Automatic and Diagnosis-supporting Detection of Polyps in Colonoscopic Image Sequences

The Challenge: Automatic Polyp Detection in Colonoscopy Videos

Colon cancer is the second leading cause of cancer death. Around 26,000 people die in Germany each year as a result. In 90 percent of these cases, special colon polyps serve as precursors to cancer. For this reason, periodic colonoscopy-based cancer screening for people 55 years and older is now covered under Germany´s statutory health insurance program. During a colonoscopy, the large intestine and rectum are examined with an endoscope. The effectiveness of this procedure depends heavily on the experience and attentiveness of the physician. Various studies show that 12 to 24 percent of the polyps go undetected, a rate that could be considerably lowered by instituting automatic polyp detection with image-generating processes. The real challenge is identifying small polyps and new formations that are flat and still under the surface.

Our Approach: KoloPol

As part of its own basic research, the Fraunhofer Institute for Integrated Circuits IIS developed an analysis process in which suspicious tissue areas with pigment and texture deviations are highlighted and automatically detected. This development laid the foundations for a method that supports the physician by automatically visualizing suspicious areas and documenting detected polyps. A further step in the “KoloPol“ project (german) will involve testing the functionality of such image detection methods under actual clinical conditions, including fine-tuning the ability to identify smaller and flatter polyps. With this software researchers hope to not only increase the polyp detection rate, but also reduce the time and effort associated with colon cancer screening.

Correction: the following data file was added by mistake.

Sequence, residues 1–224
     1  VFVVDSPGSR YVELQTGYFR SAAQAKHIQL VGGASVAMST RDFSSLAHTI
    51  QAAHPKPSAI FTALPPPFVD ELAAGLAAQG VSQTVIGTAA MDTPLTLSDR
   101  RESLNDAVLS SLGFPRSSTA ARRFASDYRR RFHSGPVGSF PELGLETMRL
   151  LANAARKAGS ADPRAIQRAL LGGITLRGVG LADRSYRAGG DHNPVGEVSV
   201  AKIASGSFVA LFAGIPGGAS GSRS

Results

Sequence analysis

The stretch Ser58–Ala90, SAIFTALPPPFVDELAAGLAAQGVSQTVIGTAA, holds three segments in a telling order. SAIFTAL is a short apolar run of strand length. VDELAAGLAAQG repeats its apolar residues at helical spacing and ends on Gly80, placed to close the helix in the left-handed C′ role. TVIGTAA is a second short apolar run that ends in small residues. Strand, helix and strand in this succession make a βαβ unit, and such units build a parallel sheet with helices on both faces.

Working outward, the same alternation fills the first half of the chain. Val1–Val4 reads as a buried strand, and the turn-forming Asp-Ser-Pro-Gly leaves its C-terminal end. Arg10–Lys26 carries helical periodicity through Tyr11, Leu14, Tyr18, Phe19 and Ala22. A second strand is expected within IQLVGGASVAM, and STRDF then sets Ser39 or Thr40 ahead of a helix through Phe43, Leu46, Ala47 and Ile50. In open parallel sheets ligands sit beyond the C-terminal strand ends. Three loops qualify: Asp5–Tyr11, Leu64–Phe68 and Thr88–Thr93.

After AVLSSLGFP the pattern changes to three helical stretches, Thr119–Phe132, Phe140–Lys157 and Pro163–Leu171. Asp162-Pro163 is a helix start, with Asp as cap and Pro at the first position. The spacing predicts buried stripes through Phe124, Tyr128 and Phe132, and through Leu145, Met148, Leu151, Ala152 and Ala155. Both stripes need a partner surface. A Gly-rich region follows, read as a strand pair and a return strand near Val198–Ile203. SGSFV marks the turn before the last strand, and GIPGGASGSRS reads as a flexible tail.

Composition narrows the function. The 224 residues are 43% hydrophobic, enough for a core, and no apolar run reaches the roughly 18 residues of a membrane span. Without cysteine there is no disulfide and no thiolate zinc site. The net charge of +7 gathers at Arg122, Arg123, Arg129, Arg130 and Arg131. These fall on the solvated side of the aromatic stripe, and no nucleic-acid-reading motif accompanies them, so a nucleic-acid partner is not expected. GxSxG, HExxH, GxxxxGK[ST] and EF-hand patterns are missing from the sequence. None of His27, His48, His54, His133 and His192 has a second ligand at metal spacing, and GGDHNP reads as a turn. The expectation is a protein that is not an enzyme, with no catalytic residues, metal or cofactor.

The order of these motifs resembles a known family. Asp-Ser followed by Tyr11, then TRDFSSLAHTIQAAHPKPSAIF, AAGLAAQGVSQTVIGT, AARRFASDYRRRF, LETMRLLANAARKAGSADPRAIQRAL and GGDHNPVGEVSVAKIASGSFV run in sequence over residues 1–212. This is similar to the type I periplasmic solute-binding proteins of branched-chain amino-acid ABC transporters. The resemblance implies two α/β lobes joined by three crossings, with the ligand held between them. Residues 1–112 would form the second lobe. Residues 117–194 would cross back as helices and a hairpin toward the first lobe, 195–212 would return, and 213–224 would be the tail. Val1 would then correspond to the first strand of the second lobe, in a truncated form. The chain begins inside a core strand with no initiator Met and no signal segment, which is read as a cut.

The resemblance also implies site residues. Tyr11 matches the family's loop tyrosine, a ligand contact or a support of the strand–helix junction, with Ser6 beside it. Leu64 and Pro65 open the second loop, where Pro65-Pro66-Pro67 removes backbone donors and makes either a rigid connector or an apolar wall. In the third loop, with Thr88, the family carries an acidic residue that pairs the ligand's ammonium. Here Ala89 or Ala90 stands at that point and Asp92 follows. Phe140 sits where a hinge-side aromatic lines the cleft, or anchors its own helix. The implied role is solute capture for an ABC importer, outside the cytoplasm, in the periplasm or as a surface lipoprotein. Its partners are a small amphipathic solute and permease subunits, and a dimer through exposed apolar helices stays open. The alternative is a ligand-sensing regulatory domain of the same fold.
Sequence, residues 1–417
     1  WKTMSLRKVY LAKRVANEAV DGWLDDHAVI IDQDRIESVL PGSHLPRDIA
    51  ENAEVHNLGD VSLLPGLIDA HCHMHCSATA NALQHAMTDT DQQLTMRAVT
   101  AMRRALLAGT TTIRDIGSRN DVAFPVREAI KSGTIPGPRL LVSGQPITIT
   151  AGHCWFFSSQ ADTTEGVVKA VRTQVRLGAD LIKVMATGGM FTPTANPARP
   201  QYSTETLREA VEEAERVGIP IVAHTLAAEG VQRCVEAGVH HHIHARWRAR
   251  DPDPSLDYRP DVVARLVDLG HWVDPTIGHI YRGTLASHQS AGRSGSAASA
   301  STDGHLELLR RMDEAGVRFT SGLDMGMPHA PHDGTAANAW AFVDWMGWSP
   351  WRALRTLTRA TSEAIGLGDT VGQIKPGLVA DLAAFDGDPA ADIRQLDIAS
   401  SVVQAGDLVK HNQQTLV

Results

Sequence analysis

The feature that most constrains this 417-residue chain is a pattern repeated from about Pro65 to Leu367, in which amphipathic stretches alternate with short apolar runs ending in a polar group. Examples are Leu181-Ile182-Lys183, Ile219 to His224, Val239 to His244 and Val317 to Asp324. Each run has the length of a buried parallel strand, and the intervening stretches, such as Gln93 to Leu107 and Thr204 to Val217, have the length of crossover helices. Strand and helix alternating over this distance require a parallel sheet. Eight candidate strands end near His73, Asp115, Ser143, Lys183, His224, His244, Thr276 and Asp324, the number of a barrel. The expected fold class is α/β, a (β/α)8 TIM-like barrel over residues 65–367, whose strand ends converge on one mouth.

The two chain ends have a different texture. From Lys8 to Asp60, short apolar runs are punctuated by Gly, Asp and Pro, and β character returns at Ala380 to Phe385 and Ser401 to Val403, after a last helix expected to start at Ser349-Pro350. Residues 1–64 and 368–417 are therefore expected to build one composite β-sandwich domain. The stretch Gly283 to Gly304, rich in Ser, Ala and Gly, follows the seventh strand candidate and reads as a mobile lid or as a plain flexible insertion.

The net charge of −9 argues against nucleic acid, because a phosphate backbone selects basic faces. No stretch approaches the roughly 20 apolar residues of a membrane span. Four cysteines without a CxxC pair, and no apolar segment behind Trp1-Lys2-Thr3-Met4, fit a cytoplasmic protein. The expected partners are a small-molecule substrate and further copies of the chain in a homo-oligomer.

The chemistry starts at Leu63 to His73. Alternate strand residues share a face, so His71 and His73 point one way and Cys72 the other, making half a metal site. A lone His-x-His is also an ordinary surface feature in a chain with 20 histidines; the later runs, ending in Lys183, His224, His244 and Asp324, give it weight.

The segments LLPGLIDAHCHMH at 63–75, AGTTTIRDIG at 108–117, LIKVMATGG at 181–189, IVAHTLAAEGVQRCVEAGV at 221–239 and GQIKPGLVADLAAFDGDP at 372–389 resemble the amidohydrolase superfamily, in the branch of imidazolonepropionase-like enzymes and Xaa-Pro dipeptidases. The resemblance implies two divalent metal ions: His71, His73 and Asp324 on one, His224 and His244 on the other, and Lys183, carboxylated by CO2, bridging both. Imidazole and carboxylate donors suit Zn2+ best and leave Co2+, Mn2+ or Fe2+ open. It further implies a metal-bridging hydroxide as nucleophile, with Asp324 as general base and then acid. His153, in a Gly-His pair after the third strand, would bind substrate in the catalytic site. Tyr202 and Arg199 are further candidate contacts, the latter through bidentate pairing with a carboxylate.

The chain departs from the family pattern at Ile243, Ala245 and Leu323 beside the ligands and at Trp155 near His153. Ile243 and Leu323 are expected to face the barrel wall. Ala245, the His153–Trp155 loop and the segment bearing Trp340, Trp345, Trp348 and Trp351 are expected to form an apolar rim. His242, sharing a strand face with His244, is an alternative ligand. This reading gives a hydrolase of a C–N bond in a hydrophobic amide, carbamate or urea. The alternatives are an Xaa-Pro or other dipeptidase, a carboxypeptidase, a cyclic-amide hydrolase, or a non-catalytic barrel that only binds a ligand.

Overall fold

First Result: Prototype

KoloPol – Biophantom for Colonoscopy
© Fraunhofer IIS
KoloPol – Biophantom for Colonoscopy

At Medica 2015 in Düsseldorf, a first prototype was presented as a result of the project which recognizes retrospectively colonoscopic polyp video sequences in real-time. Together with the Medical Clinic II (Prof. Dr. Martin Raithel) of the hospital Waldkrankenhaus St. Marien Erlangen, the developed system was verified in a lengthy attempt at a biomodel of a pig colon with sewn polyps in January 2016.

During the annual meeting of the German Society for Endoscopy and Imaging Procedures (DGE-BV) in Mannheim from March 17 to 19, 2016, the developed system for polyp detection was presented to the public and carried out in an evaluation by experts (incl. eye tracking).

Automatic Polyp Detection in Real-Time

In Cooperation with Bayreuth Hospital


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